FIGS. 14 and 15 more specifically show the lid-to-receptacle abutment member (42) used to maintain the lid (25 e) in opened position in abutment engagement with the receptacle (22 e), especially when carrying the device (10 e) using the fixed hooks of the in-use transporting clip (40) secured to the lid (25 e). The lid-to-receptacle abutment member (42) preferably includes a pair of lid abutting brackets (43) for abuttingly engaging a corresponding pair of receptacle abutting brackets (44) when in lid opened position.

Referring more specifically to FIGS. 16 and 17, the lock-pin mechanism (50) includes a pin (51) protruding substantially radially from the first end (31 e) of the shaft (35 e) adapted to lockingly engage a pin-locking recess (52) of the receptacle (22 e) adjacent the second supporting hole 27″ thereof. Accordingly, the shaft (35 e) remains secured to the housing (20 e) due to the resiliency of its lateral walls (46) protruding upwardly therefrom, the lateral walls (46) being engaged by the locking pin (51) and the tapered section of the shaft (35 e) adjacent the handgrip (34 e) itself, respectively. The pin (51) is first slidably inserted through the second supporting holes 27″ via slots (53) thereof, as shown in FIG. 16. Then the shaft (35) is rotated either side about its axis before the pin (51) slidably engages a circumferentially oriented slope (54) extending substantially axially away from said second supporting hole 27″ to force the shaft (35 e) to squeeze in between the resilient lateral walls (46), until a partial turn is made wherein the pin (51) releasably engages the pin-locking recess (52) by snapping therein, as shown in FIG. 17.

As shown in FIG. 18, the shaft portion of the squeegee head (32 e) includes a preferably partial turn slot (58) adapted to be slidably and releasably engaged by the locking pin (51). The closed end of the slot (58) includes a snapping recess (59) for resiliently and releasably securing the pin (51) therein. Obviously, the housing (20 to 20 e) is made of any material that can provide a watertight receptacle.

The cleaning device (10 to 10 e) of the present invention is particularly useful for use in goods transportation vehicles that usually travel over long distances in different environmental conditions.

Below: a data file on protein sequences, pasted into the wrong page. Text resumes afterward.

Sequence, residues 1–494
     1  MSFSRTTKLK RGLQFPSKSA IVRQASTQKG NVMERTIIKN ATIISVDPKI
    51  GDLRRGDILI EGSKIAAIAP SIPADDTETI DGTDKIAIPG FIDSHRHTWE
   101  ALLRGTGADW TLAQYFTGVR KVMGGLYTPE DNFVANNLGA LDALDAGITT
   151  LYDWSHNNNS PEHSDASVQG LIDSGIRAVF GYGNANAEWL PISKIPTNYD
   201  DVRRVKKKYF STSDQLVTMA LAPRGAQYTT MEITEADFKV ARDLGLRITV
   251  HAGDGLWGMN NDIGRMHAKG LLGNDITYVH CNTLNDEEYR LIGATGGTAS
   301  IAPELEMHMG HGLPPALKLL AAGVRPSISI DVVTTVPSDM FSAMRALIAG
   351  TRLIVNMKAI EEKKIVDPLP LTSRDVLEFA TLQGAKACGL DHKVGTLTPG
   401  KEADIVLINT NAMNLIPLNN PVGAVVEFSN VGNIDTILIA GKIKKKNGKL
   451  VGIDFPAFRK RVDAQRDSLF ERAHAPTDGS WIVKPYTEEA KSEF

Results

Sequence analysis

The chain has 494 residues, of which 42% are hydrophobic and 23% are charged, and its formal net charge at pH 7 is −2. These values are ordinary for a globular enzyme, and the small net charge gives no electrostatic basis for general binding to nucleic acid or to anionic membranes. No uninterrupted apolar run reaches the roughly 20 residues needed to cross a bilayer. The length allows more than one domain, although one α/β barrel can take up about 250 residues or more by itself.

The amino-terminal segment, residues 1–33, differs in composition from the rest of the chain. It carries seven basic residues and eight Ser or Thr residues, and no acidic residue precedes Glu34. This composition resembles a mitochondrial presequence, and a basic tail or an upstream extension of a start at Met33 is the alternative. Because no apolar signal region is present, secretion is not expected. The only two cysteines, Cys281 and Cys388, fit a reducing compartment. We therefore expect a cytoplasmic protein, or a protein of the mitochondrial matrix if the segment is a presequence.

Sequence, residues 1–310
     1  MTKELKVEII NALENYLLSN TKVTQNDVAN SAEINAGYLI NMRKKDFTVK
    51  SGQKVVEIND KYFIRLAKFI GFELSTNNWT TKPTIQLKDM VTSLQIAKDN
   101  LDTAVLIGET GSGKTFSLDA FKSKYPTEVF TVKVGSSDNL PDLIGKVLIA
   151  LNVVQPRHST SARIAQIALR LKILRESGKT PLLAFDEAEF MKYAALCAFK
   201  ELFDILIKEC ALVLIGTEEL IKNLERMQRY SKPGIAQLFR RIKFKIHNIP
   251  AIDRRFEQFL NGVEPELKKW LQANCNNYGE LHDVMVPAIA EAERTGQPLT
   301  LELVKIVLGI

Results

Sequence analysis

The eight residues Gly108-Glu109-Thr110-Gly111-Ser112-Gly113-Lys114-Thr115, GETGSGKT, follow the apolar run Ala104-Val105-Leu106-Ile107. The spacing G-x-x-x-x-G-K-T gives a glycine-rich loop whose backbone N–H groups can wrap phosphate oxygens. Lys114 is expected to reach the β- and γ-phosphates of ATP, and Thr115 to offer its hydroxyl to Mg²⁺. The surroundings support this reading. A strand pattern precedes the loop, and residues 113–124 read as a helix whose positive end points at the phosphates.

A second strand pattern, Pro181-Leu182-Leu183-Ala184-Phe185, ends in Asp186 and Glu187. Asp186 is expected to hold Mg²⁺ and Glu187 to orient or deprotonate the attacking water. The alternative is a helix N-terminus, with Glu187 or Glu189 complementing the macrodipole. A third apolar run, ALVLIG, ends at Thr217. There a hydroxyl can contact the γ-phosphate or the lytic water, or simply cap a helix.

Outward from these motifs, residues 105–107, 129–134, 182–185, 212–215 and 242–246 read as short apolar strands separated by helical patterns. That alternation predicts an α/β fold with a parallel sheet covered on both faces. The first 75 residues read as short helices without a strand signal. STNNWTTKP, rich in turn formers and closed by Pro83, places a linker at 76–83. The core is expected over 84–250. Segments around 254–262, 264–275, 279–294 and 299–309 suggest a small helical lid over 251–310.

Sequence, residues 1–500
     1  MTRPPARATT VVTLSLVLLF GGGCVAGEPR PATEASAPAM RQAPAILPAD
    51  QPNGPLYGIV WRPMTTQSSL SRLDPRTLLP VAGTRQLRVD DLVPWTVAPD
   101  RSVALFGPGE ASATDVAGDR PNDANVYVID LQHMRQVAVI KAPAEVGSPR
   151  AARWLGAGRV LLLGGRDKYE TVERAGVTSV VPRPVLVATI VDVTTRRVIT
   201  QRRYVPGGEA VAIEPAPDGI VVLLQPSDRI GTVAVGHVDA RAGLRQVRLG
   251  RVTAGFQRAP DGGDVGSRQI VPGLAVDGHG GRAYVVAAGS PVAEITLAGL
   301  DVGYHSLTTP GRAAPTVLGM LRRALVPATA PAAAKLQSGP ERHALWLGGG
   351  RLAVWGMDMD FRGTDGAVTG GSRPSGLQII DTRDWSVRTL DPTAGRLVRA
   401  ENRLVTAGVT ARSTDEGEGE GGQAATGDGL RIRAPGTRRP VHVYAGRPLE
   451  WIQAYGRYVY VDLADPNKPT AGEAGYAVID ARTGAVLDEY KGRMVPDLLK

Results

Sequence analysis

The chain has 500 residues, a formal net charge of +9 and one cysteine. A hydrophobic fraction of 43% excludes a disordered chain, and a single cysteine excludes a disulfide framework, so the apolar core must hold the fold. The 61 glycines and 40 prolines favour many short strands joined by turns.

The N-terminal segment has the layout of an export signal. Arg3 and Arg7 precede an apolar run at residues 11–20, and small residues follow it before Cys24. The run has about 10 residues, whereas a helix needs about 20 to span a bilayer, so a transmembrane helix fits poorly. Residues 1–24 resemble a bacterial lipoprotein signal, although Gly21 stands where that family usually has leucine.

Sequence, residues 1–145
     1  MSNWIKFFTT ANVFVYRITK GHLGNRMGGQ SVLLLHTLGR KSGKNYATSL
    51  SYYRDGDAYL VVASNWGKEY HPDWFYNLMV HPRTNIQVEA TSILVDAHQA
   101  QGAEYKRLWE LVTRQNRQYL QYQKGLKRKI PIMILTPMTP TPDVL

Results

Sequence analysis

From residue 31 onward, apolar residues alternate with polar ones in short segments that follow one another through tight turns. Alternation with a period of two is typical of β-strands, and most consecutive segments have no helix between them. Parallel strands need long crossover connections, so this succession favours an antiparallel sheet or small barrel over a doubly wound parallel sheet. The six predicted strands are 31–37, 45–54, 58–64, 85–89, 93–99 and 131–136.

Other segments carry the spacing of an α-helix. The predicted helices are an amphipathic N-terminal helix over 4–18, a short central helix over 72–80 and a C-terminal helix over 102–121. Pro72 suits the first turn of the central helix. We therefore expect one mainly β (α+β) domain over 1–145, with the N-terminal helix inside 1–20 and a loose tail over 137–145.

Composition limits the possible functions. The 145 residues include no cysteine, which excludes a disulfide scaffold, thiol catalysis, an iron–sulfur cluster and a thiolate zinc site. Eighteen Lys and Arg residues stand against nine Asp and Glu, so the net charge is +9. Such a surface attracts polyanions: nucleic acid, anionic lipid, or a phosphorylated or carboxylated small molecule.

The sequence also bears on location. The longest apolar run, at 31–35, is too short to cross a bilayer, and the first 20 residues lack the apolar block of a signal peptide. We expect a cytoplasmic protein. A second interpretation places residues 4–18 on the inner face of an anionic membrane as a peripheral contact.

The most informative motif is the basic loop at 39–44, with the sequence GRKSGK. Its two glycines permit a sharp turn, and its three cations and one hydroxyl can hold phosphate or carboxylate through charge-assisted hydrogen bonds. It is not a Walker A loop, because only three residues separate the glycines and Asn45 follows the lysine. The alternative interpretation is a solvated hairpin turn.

Although the present portable device for window/windshield cleaning has been described with a certain degree of particularity, it is to be understood that the disclosure has been made by way of example only and that the present invention is not limited to the features of the embodiments described and illustrated herein, but includes all variations and modifications within the scope or the present invention.

Patent Citations
Cited PatentFiling datePublication dateApplicantTitle
US3851756 *Aug 14, 1973Dec 3, 1974Raymond Lee Organization IncCombined saw horse and tool box
US4122944 *Oct 25, 1977Oct 31, 1978Vincent De NapoliTool box
US4143792 *Sep 9, 1977Mar 13, 1979Display Corporation InternationalAutomobile windshield washing service unit
US4759470 *Oct 27, 1986Jul 26, 1988Dci Marketing, Inc.Automobile windshield washing service unit
US5624093 *Jun 5, 1995Apr 29, 1997Gemmell; R. WayneClamping paint tray assembly with holding apparatus
US6036388Feb 11, 1999Mar 14, 2000Atcher; Samuel L.Windshield washing service unit
Referenced by
Citing PatentFiling datePublication dateApplicantTitle
US7311458 *Dec 1, 2004Dec 25, 2007Verlin Stephen JSqueegee
US7766258Dec 13, 2007Aug 3, 2010Barniak Jr Thomas JohnHandheld windshield cleaning apparatus and method of using while driving
US8210762 *Apr 16, 2009Jul 3, 2012Breau Paul RVehicle window cleaning system
US8677549Jan 24, 2011Mar 25, 2014Blaine Alan FieldsCleaning implement
Classifications
U.S. Classification401/118, 401/123, 15/121, D32/45, 220/735, 15/245, 221/97, 206/389, 220/740, 221/96, 15/236.02, D32/41
International ClassificationA47L13/11, B60S3/04, A47L13/51, A47L1/06
Cooperative ClassificationA47L13/51, A47L1/06, B60S3/045
European ClassificationA47L13/51, B60S3/04D, A47L1/06
Legal Events
DateCodeEventDescription
Apr 7, 2009FPExpired due to failure to pay maintenance fee
Effective date: 20090215
Feb 15, 2009LAPSLapse for failure to pay maintenance fees
Aug 25, 2008REMIMaintenance fee reminder mailed